Which renewable materials are solutions that meet the needs of future societies? As a response to this challenging question, nova-Institute GmbH, Hürth/Germany, has decided to unite all relevant industries in the new Renewable Materials Conference on May 18–20, 2021. For the first time, all fossil-free material solutions accepted for the finals can be seen in one competition at the “Renewable Materials Conference”. 6 innovations were nominated from 36 submissions and the conference participants will choose the winner at the online event.
The 6 nominees convinced the advisory board with brand-new applications that aim to avoid or substitute fossil-based virgin materials. They are already on the market or are close to getting there, and are as follows:
MMAtwo (EU consortium): Regenerated methyl methacrylate (MMA) for 100% recycled acrylic sheets and composites
New polymers are obtained from the regenerated MMA, leading to 100% recycled-content products, such as new acrylic sheets and composites. The regenerated MMA is produced by a new innovative process, developed in the EU funded project MMAtwo, and will enter the market soon. It is obtained through depolymerization of polymethyl methacrylate (PMMA), also known as acrylic glass or plexiglass. In the recycling process, PMMA is heated, and MMA unzips selectively from the polymer chain. Crude MMA is further purified to reach very high purity (99.8 % obtained on large batches).
Carbios (France): First clear plastic bottles from enzymatically recycled textile waste
The goal is to provide an industrial solution to the recycling of PET plastics and textiles. This enzymatic recycling technology deconstructs any type of PET plastic waste into its basic components (monomers) which can then be reused to produce new PET plastics of virgin quality. Compared to mechanical recycling technologies, this new enzymatic process enables polyester fibers to be “upcycled” to a high-quality grade of PET suitable for the production of clear bottles.
Eastman (USA): Advanced circular recycling technologies
The new molecular recycling technologies from Eastman can lead to an infinite lifespan for waste materials that were previously destined to end up in landfills or incinerators. Eastman's advanced circular recycling technologies, break down plastic waste into molecular building blocks and rebuild them into new materials like carpets and textiles, thus creating a truly circular solution. By 2030, Eastman expects to recycle up to 225,000 tons of waste plastic annually.
LanzaTech (USA/Switzerland): CO2 recycling for CarbonSmart cleaning
In 2020, Switzerland’s largest retail company, Migros, and its subsidiary, Mibelle Group, launched a range of liquid cleaning products containing LanzaTech CarbonSmart Ethanol as part of Migros Plus Oeco Power and Potz cleaning ranges. The CarbonSmart Ethanol is produced from recycled carbon from steel emissions. The new pathway reduces greenhouse gas emissions and keeps additional fossil resources in the ground, protects biodiversity and avoids land use change. The significant contribution to sustainability was validated through an independent life cycle analysis and the approach received support from experts at the Worldwide Fund for Nature (WWF) in Switzerland.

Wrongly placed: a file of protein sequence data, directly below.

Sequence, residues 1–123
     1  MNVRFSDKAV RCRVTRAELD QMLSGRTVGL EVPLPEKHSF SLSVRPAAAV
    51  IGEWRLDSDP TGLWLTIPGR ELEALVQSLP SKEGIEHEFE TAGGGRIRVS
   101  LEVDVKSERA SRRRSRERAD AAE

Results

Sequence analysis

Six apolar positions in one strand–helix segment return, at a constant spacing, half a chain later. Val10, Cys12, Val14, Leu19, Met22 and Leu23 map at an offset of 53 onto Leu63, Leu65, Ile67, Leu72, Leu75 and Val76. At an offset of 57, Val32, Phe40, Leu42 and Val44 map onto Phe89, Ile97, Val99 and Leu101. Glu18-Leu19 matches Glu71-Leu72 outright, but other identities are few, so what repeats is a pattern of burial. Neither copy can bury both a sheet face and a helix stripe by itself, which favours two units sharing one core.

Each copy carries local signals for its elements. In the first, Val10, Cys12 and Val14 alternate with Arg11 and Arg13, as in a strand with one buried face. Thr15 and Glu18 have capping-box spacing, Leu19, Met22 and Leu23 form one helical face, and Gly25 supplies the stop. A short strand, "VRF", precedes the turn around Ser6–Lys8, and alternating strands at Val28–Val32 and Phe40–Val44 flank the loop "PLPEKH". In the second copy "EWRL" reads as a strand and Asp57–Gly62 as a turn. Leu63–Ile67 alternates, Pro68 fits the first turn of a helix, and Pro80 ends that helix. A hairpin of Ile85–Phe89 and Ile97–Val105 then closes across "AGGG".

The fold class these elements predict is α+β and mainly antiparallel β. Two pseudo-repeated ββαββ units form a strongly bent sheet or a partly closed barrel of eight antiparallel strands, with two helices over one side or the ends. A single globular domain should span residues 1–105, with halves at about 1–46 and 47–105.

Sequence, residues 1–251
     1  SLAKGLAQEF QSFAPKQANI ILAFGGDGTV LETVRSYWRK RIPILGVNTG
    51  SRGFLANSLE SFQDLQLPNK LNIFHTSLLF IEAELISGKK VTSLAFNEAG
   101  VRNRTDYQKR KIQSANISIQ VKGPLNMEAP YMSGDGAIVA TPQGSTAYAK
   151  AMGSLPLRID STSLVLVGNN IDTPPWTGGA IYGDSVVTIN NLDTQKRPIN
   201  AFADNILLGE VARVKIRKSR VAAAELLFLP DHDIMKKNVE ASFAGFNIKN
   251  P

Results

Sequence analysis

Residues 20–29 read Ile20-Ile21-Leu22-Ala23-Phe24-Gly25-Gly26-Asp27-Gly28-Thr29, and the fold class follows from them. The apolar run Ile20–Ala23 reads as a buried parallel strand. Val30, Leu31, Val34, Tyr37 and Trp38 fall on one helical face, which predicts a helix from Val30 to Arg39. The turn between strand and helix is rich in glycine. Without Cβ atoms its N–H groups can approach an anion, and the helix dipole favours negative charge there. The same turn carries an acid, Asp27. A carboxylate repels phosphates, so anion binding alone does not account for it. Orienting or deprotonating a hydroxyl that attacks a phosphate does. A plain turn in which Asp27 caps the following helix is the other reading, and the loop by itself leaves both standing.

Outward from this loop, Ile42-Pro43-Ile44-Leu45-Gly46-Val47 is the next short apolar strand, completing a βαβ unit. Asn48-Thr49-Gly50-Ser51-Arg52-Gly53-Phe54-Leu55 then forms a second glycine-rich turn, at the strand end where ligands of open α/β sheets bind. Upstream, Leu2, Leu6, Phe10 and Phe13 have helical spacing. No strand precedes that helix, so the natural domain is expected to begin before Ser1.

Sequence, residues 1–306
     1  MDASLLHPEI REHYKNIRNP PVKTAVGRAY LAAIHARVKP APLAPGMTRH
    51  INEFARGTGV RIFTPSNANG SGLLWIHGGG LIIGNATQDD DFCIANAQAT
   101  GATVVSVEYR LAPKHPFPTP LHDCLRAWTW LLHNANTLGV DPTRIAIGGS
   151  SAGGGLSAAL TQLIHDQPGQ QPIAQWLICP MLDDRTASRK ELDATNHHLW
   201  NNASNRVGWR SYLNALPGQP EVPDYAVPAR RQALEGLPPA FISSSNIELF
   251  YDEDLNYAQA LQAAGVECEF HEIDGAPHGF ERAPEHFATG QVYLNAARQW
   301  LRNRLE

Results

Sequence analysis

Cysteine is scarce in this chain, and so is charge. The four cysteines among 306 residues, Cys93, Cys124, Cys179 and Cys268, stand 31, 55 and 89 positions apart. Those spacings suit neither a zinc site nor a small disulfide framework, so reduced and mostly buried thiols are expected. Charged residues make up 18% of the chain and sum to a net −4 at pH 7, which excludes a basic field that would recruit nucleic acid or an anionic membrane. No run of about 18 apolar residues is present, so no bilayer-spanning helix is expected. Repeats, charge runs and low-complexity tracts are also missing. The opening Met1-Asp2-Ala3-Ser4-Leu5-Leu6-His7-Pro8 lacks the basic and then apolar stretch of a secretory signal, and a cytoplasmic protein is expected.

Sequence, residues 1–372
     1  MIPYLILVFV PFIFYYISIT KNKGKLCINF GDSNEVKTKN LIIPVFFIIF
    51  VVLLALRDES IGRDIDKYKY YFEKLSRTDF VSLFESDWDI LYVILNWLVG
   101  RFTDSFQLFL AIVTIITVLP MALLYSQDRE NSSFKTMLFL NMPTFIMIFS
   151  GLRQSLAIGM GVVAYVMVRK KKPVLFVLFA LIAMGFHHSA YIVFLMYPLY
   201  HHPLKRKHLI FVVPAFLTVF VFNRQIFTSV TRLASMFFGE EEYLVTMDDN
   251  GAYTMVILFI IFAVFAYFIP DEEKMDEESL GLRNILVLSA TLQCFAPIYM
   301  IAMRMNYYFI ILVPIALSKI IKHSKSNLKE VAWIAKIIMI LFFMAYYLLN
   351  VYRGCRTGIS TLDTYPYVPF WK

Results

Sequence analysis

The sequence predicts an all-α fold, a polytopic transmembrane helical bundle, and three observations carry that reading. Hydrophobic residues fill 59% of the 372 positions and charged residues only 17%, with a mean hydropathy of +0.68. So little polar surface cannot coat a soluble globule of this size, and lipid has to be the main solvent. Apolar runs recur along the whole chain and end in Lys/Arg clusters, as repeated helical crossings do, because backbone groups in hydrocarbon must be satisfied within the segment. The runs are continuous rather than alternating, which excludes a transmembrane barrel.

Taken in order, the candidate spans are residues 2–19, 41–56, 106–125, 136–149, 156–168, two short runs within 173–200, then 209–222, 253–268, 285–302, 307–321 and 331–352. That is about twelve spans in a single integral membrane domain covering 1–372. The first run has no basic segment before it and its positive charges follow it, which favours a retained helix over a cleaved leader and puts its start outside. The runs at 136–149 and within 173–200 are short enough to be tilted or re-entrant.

Malai Biomaterials Design (India): Malai – plant leather made from coconut wastewater and natural fibers
Malai is a novel bio-composite material based on bacterial cellulose cultivated on wastewater from mature coconuts blended with fibers from banana stem, hemp and sisal. It is made without any oil-based or toxic substances, is bio-based and home compostable. Similar to leather in its properties and appearance, the material is used for accessories such as bags and purses. Malai works with wastewater from coconut processing plants in Southern India. A small coconut plant disposes of about 4,000 l of this water/day. Such wastewater is usually discharged into the environment, where it acidifies the soil. Malai collects and sterilizes the water, which can then be used as feed for the bacteria. This bacterium produces nanocellulose sheets, which are further enriched with natural fibers to obtain the final material.
Plantics (Netherlands) & Vepa (Netherlands): Most sustainable chair ever from hemp fibers and thermoset bio-resin
Dutch furniture manufacturer Vepa has launched a collection of chairs where the used materials hemp fiber and bio-resin are both fully biological, plant-based and recyclable. They are part of a new family of bio-based materials that has been developed by Plantics and is patented worldwide for many different applications.
The collection is produced entirely in the Netherlands and currently includes chairs and bar stools. The production process absorbs more CO2 than it emits. In addition, the chairs are designed in such a way that the various parts are easy to separate and materials can be reused endlessly.
The Renewable Materials Conference is an opportunity to build new networks and present solutions to other industries. One-on-one meetings can easily be arranged by an advanced online conference system.
For further information: www.renewable-materials.eu